The recent UK State of Nature Report 2016 pools a range of technical data and gives a more detailed analysis than that given in the first report in 2013. It presents information in terms of groups of species which unfortunately makes for depressing reading. Here we have summarised the report into the context of some of our Gloucestershire species
Despite their spiky exterior (around 5,000 spines!), hedgehogs are one of the UK’s most popular native species. But our nation's hedgehogs are under threat, and numbers are rapidly declining, with only 1 in 5 people having seen one in their garden.
Bees have been suffering a serious decline over the last century, largely due to the loss of around 97% of our flower-rich meadows. They're hugely important pollinators, not just for our gardens, but for our food crops too. The good news is that YOU can help them and other pollinators by doing a few simple things.
Leaves are bursting forth from sleeping trees, and woodland plants are rushing to flower before the canopy closes in - so now's a great time to go for a stroll, enjoy the spring sunshine and wake up that woolly winter head.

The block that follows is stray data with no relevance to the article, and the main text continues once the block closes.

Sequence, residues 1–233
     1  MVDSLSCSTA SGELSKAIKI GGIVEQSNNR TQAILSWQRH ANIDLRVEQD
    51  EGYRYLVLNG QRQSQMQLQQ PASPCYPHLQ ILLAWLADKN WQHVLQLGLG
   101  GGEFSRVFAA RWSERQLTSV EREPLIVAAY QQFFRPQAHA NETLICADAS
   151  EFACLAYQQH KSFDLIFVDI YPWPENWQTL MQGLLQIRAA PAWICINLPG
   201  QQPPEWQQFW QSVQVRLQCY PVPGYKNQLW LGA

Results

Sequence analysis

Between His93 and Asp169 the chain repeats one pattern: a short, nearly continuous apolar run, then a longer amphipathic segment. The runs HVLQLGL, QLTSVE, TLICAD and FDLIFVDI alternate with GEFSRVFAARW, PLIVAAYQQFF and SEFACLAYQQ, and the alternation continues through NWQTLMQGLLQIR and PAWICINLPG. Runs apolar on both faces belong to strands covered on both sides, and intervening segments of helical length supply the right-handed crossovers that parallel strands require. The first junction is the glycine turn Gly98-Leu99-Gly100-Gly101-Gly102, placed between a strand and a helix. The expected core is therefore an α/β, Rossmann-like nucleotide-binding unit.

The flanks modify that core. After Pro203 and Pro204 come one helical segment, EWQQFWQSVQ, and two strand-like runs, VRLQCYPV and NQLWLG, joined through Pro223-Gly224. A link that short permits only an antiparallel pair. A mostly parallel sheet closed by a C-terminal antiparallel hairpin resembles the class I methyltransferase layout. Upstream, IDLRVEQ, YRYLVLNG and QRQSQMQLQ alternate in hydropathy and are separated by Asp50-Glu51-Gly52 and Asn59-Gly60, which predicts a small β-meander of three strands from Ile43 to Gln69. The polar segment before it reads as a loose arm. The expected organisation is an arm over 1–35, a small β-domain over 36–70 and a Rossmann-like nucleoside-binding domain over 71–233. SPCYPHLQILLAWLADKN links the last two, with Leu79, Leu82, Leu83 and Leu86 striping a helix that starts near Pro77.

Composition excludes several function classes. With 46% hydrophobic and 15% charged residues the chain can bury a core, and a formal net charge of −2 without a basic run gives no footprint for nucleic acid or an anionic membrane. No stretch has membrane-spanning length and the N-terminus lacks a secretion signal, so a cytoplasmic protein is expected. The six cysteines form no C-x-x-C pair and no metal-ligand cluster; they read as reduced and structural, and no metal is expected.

A thrush took off from my allotment as I approached with my squeaky wheelbarrow and there, in a flash of brown, was a prime example as to the reason why I garden in a wildlife-friendly way.
Only a few moments before the same thrush would have been busy cracking open snail shells to get at the soft bodies of molluscs that like nothing more than to munch through my tender seedlings later in the spring. I’m hoping this winged snail slayer will return when I’m not around to sort out a few more.